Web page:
A boy learns to play traditional Wayang puppets amid the coronavirus outbreak in Jakarta, Indonesia, March 14, 2021. Ajeng Dinar Ulfiana/Reuters
The Cairo Review’s reporter-researcher Ibrahim Elzayat and assistant editor Omar Auf sat down with Jillian Campana, a professor of theater at the American University in Cairo (AUC) and author of the book Western Theater in a Global Context: Directing and Teaching Culturally Inclusive Drama Around the World.
Campana discussed the connectivity of non-Western theater and her work with the film The Puzzle Club which explores how the stage can help brain trauma victims socially heal. This is part two of a two-part interview, please see part one here.
Cairo Review: Tell us about The Puzzle Club and The Making of the Puzzle Club and how theater can be used as a tool for healing?
Jillian Campana: That was a project that I did years ago that arose out of working with survivors of traumatic and acquired brain injury. That, of course, is a trauma in and of itself, when someone has had some kind of, in that particular case, cognitive deficit experienced as a result of an injury. But also, sometimes physical or emotional injuries have the same kind of level of destruction, the person is forever changed. The way that they are seen by others and the way that they see themselves is changed as a result of what has happened to them. So there’s an opportunity there to reinvent oneself as the person that they want to be rather than the person that is seen by other members of society.
That particular project worked with members of, I would say, a support group of brain injury survivors, who were trying to not go back to the life that they had pre-injury, but who were trying to live on their own, trying to have a more active voice and be a more active participant in their society, and even in their family lives—maybe get back to work. So I worked with them to use drama as a way to practice behaviors and skills, and practice asserting their new identity in a positive way. In other words, they could practice in a rehearsal, and then take their rehearsal out into the live real life performance in the street, you could say.
And what I did was a series of drama exercises with them over a year and I interviewed them throughout the course of that work several times. And then I took all of the transcripts from that work (it was hundreds and hundreds of pages) and I wrote a play using their words, to explain what it’s like to live with a brain injury and what it’s like to try to come back after that and to come back as a whole person again. And that particular technique is called verbatim theatre, using the exact words of actual people as the text. And that’s really, really empowering, because it can often give a person who doesn’t have any voice quite a loud voice, and especially if an audience comes, which can be incredibly powerful.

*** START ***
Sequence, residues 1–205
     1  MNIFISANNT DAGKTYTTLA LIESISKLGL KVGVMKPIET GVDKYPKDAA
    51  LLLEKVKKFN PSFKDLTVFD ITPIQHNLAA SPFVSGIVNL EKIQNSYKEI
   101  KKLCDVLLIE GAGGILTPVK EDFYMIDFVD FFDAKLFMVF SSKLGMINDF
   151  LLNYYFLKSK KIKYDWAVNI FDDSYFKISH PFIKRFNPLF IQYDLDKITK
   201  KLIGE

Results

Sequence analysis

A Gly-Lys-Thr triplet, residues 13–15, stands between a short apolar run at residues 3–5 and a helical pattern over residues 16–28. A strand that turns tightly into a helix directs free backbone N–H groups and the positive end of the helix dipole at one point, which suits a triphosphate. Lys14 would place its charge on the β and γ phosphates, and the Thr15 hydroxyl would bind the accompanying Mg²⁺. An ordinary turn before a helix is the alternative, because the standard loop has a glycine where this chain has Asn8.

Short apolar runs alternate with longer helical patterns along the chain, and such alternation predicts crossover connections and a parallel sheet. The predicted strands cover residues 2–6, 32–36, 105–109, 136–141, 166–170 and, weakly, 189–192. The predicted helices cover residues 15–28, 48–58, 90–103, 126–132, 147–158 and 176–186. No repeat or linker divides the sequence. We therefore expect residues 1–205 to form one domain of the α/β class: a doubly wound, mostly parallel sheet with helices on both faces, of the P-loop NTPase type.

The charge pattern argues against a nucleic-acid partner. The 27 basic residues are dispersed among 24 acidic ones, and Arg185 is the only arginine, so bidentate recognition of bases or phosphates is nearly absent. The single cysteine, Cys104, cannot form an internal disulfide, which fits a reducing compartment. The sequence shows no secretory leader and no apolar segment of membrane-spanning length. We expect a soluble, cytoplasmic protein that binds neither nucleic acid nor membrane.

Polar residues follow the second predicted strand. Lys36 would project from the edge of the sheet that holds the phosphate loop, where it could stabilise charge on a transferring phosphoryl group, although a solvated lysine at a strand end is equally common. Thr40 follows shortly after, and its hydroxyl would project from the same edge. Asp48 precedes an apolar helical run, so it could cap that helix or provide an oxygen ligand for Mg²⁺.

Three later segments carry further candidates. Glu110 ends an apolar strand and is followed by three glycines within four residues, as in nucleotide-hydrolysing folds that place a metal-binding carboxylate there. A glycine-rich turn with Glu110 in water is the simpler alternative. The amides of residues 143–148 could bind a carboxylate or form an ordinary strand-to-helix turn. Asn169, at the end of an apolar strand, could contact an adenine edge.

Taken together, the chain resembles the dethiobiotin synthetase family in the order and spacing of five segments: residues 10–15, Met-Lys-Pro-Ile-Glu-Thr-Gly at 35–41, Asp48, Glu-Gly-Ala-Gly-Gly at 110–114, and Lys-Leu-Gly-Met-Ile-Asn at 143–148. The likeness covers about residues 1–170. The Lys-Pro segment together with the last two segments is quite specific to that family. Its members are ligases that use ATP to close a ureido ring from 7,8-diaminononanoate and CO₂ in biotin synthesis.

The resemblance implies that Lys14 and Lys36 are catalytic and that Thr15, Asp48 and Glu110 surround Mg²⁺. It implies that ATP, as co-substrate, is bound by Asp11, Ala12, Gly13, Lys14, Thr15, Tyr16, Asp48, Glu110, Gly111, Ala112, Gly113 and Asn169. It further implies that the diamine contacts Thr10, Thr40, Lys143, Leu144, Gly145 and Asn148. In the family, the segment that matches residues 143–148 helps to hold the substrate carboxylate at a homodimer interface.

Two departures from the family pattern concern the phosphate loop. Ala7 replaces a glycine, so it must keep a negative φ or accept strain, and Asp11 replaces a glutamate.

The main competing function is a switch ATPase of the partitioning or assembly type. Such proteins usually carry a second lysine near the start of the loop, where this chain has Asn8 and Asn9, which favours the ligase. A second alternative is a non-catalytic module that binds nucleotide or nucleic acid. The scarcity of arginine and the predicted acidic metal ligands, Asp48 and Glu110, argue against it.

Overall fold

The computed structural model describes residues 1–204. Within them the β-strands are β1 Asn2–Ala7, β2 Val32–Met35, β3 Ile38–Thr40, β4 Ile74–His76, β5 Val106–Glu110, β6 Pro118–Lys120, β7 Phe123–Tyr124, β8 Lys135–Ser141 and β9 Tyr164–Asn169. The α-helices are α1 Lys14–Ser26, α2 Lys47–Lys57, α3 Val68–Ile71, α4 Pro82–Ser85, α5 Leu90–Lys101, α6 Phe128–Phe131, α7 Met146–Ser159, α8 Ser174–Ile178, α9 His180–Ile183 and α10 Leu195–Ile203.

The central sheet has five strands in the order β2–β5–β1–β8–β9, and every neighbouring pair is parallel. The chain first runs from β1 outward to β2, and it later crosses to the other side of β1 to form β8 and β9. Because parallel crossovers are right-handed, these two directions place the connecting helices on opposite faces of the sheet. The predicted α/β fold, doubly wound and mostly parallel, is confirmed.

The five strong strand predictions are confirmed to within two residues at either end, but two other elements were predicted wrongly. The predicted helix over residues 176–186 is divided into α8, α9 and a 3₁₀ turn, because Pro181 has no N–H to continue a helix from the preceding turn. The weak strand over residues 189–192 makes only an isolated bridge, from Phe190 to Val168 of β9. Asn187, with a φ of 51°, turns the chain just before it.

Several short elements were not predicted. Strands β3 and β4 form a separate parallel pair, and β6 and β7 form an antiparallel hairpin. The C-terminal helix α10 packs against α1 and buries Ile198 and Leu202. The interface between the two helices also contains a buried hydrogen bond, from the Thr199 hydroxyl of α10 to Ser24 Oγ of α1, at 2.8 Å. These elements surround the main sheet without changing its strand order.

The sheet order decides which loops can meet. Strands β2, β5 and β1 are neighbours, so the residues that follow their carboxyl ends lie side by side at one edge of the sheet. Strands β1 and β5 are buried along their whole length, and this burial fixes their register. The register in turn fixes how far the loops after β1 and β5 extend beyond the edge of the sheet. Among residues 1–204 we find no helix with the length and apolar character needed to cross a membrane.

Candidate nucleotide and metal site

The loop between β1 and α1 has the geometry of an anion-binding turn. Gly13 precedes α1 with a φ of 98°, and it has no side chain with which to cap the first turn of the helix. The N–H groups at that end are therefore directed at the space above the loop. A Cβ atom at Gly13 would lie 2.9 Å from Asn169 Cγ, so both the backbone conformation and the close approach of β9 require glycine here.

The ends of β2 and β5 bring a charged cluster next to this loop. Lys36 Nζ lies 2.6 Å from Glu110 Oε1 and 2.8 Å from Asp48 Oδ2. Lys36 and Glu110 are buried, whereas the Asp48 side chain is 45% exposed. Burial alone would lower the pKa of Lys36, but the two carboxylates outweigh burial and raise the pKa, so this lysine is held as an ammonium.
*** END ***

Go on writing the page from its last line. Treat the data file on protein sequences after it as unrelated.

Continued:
CR: This connects to your recent book called Western Theater in a Global Context, which came out last year. It is about teaching Western theatrical practices and directing English language plays in non-Western or non-English speaking contexts. What core difference does context make? Is it reflected on content, methodology, or something else?
JC: Both. Definitely the content, but also the way in which we make a piece of work and the way we learn about a piece of work. I wrote the book because I think it’s necessary that the world widens its exposure to global theater. Western theater has been the dominant canon all over the world. I’ve lived in Brazil. I lived in India for four years. I lived here for the first time in the early 90s. And I’m always amazed that in all these places, there is an interest principally in Western theater above the beautiful art forms that are regional and local. So I wanted to write this book for everyone to consider how important the global theater scene is, and to understand the rich traditions that exist around the world. And also when someone is making a piece of theater, or when they’re teaching about theater, it’s really important to understand and learn from the place in which the work is being made; taking into consideration all of the aspects of culture, language, the philosophies that come with a different culture, and integrating that into the work by actually asking the people who live in that place what resonates with them the most.
I think we’re looking to elevate theater traditions that have long been ignored or pushed aside. When I first came back to Egypt, about five years ago, I had to really listen to my students about visual imagery, about how bodies look in space, how close an actor gets to an audience. Because the way that I see the story unfolding, and the static images in the play, are very different than the way an Egyptian audience member might see that. I can’t assume that the way that someone in Egypt or India or Brazil would see the same play that I’ve created because there’s a different philosophy and a different mindset that comes to the performance.